How We Built a Better Solution to the Misinformation Epidemic

José Manuel Gómez Pérez - 11 January 2021

 

This work was conducted in the context of project Co-inform, funded by the EU under grant 770302. Further information, including details on the architecture, implementation, and experimental results can be found in our paper Linked Credibility Reviews for Explainable Misinformation Detection, which was awarded Best Research Paper at the International Semantic Web Conference, held in November 2020. Both our ISWC 2020 talk and a GitHub repository including our experimental settings are also available.

Misinformation is not a new issue, but it has been sounding alarm bells due to its steep growth in recent years. Due to the pace of news cycles combined with social media, the information bubbles misinformation creates has increasingly evolved into an ecosystem that thrives with influence from various societal effects.

Tackling misinformation (or “fake news” as it is often referred to) is not something that can be achieved by a single organization — as evidenced by the struggles of major social networks — as it requires decentralization, common conceptualizations, transparency and collaboration.

Technical solutions for computer-aided misinformation detection and fact-checking have recently been proposed and are essential due to the scale of the Web. However, a lack of hand-curated data, maturity and scope of current AI systems means that assessing veracity is not always feasible. Hence, the value of the current systems should not be placed so much on their accuracy, but rather their capacity to retrieve potentially relevant information that can help human fact-checkers — the main intended users of such systems who are ultimately responsible for verifying/filtering the results such systems provide.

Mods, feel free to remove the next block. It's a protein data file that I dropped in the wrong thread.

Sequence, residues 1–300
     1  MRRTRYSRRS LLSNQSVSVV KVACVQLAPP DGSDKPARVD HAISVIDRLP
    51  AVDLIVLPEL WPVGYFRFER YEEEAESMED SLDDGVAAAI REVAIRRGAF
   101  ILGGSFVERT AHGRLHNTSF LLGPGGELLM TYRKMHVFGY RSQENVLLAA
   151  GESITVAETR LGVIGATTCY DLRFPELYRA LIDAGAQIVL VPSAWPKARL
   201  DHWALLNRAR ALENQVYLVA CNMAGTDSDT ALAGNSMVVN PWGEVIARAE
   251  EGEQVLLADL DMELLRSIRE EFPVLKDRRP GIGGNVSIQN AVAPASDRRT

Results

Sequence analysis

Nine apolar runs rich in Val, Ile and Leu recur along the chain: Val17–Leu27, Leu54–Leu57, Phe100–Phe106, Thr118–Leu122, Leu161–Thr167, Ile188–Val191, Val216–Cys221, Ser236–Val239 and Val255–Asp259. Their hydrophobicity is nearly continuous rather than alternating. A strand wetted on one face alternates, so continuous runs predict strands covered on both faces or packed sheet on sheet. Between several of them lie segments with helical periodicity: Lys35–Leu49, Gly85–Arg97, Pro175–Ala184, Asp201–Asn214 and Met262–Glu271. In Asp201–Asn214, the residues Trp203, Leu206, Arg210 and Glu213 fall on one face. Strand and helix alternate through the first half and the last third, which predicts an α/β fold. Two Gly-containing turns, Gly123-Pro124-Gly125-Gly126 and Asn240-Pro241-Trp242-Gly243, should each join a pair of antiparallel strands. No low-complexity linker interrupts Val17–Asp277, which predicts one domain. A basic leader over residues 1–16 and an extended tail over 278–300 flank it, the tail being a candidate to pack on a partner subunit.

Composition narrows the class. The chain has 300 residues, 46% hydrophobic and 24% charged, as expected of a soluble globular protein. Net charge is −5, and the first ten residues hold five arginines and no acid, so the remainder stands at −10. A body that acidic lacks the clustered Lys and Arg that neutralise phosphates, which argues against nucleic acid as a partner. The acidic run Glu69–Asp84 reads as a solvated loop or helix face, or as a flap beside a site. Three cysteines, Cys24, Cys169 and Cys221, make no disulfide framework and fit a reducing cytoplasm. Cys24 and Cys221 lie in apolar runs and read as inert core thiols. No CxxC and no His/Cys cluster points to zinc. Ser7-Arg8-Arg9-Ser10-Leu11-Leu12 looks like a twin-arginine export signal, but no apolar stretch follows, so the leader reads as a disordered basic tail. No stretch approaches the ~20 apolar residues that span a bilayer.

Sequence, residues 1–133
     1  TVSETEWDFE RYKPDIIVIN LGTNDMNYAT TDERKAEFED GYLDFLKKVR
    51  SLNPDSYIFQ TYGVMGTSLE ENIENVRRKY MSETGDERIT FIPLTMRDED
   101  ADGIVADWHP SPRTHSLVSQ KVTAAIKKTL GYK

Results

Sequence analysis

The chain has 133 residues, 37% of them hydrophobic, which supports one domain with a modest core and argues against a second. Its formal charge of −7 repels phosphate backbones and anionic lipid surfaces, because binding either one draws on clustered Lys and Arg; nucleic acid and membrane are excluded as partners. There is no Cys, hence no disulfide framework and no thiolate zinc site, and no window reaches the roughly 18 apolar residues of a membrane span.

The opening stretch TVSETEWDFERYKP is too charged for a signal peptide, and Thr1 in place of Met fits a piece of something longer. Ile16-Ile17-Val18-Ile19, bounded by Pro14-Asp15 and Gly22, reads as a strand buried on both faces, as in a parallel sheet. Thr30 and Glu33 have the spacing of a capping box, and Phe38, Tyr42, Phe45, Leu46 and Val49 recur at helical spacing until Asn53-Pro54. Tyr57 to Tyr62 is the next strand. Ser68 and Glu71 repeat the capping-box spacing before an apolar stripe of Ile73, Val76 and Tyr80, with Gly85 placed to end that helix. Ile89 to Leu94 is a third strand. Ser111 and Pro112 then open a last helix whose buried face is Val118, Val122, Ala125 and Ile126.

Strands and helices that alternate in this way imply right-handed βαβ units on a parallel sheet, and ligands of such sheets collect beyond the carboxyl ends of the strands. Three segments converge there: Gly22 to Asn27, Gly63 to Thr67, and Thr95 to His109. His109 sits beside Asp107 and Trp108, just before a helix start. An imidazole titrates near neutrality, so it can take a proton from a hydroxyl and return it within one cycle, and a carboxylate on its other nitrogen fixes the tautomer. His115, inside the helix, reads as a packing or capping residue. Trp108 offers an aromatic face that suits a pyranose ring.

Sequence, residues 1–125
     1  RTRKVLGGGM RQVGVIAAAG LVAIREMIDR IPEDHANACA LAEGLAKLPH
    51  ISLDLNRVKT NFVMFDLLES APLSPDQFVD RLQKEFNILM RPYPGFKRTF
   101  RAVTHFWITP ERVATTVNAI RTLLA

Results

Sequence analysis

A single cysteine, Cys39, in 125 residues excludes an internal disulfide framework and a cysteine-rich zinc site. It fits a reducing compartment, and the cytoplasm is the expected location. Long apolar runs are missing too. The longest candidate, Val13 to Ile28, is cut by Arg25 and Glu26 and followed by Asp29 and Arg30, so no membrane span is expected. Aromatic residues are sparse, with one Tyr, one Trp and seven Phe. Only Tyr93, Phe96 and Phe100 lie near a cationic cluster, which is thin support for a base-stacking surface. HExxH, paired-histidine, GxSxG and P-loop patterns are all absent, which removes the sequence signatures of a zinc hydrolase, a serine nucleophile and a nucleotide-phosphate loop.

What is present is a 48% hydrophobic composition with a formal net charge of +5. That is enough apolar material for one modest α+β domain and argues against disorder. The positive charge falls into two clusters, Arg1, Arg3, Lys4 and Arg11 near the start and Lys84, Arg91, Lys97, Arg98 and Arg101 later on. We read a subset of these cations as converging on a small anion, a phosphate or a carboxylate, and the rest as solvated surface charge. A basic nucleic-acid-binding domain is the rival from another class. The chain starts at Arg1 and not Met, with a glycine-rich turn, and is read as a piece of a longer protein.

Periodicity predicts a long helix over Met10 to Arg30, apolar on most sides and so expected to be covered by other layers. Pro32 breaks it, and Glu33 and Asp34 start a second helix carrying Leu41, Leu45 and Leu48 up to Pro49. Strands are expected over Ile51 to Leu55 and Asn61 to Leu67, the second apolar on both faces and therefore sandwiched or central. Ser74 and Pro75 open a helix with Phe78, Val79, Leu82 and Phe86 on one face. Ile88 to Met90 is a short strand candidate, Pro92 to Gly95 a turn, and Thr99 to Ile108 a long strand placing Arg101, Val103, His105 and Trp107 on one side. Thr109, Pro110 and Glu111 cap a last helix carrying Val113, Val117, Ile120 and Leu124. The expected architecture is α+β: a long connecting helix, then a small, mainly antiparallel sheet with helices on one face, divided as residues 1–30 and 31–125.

The ongoing challenge is to develop an automated system that can help the general public assess the credibility of web content. The key caveat here is that the AI system must provide explainable results. This highlights the need for hybrid approaches that combine the best of deep learning-based approaches and symbolic knowledge graphs to build a human-like understanding of language at scale. This establishes a necessary level of trust between large platforms, fact-checkers and the general public — as well as other stakeholders like policymakers, journalists, webmasters and influencers.

The Existing Efforts to Tackle Misinformation

The idea of automating (part of) the fact-checking process is relatively recent. ClaimBuster proposed the first automated fact-checking system and its architecture is mostly still valid, with a database of fact-checks and components for monitoring web sources, spotting claims and matching them to previously fact-checked claims. Other similar services and projects include Truly Media, InVID and CrowdTangle. These systems are mainly intended to be used by professional fact-checkers or journalists, who can evaluate whether the retrieved fact-check article is relevant for the identified claim.

These automated systems rarely aim to predict the accuracy of the content, but rather (rightly) leave that job to the journalist or fact-checker who uses the system. Many of these systems provide valuable REST APIs to access their services, but as they use custom schemas, they are difficult to compose and inspect as they are not machine-interpretable or explainable.

Besides full-fledged systems for aiding in fact-checking, there are also various strands of research focusing on specific computational tasks needed to identify misinformation or assess the accuracy or veracity of web content based on ground credibility signals. Some low-level NLP tasks include check-worthiness and stance detection, while others aim to use text classification as a means of detecting deceptive language.